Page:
In earlier years of Lawrence Livermore National Laboratory’s spaghetti diagrams, such as the above example from 1976, the ends of the swaths were more like the simpler energy flow diagrams. On the above diagram it’s easier to see that the height of the lines on one side would end up around the height of the lines on the other side than it is on some of the newer versions with oversized boxes that serve as labels. But the boxes are a useful tool, and can let us think about embedding another diagram form — box diagrams — into the spaghetti diagram.
Box diagrams are used for teaching electricity, and were developed by Peter Cheng and David Shipstone in the UK. The picture below is from part 1 (Word doc) of their introductory paper (here’s the Word doc part 2). Since power is the voltage across a bulb multiplied by […]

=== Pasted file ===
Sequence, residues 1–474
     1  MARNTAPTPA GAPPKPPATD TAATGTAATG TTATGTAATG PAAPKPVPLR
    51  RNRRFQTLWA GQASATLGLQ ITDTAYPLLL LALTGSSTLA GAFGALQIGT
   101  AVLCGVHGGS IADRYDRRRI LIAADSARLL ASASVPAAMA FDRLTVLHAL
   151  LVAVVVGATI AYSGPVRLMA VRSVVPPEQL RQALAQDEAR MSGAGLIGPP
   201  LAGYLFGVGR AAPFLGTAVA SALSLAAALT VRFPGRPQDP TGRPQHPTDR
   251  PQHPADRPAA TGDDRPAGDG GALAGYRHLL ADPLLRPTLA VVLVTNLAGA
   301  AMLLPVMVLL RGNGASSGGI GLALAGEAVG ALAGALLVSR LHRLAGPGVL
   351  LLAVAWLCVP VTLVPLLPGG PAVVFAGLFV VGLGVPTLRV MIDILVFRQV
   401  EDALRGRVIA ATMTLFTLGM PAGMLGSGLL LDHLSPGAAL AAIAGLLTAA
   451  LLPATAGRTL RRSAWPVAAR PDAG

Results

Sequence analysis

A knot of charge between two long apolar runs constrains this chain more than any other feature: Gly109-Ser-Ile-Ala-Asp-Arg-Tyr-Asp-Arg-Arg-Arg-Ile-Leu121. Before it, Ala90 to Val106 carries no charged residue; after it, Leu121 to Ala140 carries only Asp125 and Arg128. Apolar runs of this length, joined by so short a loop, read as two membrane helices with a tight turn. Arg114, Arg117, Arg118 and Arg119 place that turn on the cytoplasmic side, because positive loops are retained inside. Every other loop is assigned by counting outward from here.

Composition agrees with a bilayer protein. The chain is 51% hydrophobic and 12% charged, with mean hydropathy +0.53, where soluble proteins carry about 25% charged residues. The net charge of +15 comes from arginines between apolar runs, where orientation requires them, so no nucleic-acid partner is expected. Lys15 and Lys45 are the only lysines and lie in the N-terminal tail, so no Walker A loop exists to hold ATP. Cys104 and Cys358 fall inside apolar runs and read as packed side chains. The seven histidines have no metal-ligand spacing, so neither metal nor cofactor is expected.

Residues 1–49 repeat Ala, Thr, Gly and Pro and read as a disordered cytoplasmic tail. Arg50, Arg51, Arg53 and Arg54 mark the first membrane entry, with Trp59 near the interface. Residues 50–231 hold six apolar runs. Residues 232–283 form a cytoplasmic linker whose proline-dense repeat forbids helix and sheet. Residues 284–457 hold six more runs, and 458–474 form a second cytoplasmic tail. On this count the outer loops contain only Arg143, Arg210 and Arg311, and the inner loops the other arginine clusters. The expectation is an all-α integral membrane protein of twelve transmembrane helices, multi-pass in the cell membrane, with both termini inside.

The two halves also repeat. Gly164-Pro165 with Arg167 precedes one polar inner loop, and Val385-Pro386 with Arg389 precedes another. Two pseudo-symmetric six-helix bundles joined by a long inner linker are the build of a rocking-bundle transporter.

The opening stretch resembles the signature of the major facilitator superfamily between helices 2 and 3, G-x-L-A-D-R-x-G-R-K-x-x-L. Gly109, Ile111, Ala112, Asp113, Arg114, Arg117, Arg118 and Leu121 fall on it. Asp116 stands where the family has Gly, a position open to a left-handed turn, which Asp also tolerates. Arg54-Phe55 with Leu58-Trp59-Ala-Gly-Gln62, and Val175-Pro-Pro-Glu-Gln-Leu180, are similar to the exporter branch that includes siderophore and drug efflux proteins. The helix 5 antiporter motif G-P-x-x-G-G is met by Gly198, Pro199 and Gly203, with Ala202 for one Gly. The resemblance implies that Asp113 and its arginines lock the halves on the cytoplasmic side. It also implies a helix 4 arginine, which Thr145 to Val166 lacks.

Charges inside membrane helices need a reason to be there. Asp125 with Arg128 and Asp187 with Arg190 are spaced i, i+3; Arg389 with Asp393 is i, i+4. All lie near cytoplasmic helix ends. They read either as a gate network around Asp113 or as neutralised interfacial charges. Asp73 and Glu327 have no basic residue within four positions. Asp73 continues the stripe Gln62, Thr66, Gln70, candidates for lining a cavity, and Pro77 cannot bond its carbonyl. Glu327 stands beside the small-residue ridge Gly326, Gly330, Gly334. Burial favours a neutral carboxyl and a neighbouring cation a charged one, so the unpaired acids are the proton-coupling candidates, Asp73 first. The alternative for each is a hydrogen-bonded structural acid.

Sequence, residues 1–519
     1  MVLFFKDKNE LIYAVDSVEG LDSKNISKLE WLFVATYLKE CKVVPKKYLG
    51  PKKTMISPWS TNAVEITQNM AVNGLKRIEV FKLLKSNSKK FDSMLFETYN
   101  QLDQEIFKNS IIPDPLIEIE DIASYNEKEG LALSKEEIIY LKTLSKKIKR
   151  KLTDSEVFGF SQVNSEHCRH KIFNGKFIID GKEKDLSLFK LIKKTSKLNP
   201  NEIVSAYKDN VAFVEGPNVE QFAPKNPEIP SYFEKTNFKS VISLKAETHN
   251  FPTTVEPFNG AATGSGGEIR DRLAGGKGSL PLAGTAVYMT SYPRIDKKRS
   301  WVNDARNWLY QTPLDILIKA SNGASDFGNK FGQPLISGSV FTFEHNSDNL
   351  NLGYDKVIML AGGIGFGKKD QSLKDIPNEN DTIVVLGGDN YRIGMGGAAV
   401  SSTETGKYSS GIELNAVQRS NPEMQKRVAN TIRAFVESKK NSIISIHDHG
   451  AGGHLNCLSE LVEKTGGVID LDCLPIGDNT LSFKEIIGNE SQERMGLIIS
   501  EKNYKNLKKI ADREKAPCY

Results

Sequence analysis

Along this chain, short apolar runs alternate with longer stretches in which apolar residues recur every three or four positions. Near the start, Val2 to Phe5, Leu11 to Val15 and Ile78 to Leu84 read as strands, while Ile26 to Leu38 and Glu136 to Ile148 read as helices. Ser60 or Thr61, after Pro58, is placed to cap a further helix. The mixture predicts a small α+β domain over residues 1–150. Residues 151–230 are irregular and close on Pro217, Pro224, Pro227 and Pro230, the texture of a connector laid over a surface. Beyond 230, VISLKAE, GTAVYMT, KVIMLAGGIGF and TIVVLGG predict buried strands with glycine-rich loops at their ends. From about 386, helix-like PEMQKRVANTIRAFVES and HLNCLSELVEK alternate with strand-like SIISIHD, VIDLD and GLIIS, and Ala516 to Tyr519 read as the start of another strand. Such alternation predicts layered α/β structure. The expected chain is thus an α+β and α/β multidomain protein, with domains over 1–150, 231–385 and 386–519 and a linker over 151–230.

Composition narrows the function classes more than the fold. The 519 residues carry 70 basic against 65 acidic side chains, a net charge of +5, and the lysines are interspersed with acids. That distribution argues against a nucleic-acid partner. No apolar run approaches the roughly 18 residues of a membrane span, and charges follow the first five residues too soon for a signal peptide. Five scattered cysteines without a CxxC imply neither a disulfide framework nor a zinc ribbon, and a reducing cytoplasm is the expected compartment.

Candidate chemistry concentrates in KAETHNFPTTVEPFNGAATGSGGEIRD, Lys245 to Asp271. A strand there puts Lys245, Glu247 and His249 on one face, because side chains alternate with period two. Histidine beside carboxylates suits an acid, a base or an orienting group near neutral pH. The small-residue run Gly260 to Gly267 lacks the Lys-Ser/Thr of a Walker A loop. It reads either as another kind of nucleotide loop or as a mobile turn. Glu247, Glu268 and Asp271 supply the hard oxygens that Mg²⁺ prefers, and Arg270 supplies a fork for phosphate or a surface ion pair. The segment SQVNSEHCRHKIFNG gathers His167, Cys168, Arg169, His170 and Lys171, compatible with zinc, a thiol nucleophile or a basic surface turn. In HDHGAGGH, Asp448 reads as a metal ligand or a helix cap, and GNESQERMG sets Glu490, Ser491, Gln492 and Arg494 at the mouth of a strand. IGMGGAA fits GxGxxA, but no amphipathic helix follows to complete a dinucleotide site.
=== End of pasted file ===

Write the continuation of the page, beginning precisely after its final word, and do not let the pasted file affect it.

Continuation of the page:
I like the general concept of motivating behavioural changes for the low energy option by using fun, beauty, or good design. The larger message here is that personal changes for climate change really need to be better, either more beautiful, more fun, or more healthy, than the other choices.
Here’s a document from 1982, A Conceptual Framework for Energy Education, K-12, commissioned by the Department of Energy. On page 7 is a description of an “energy-literate citizen”:
Understands that we can’t make energy. Finds more efficient ways to use energy at home, at school, and on the job, for example through the use of waste heat. Has some historical perspective on energy use and extraction; for example, has an informed notion of where we stand on the fossil fuel depletion curve. Compares life-cycle costs in deciding on major purchases. Invests to save energy, for example by purchasing home insulation when it is cost-effective. Knows how much energy is being used in his/her household and where it goes. Is aware of the major sources of the energy used in his or her immediate job and in the economy as a whole, including their relative size. Understands that all energy use […]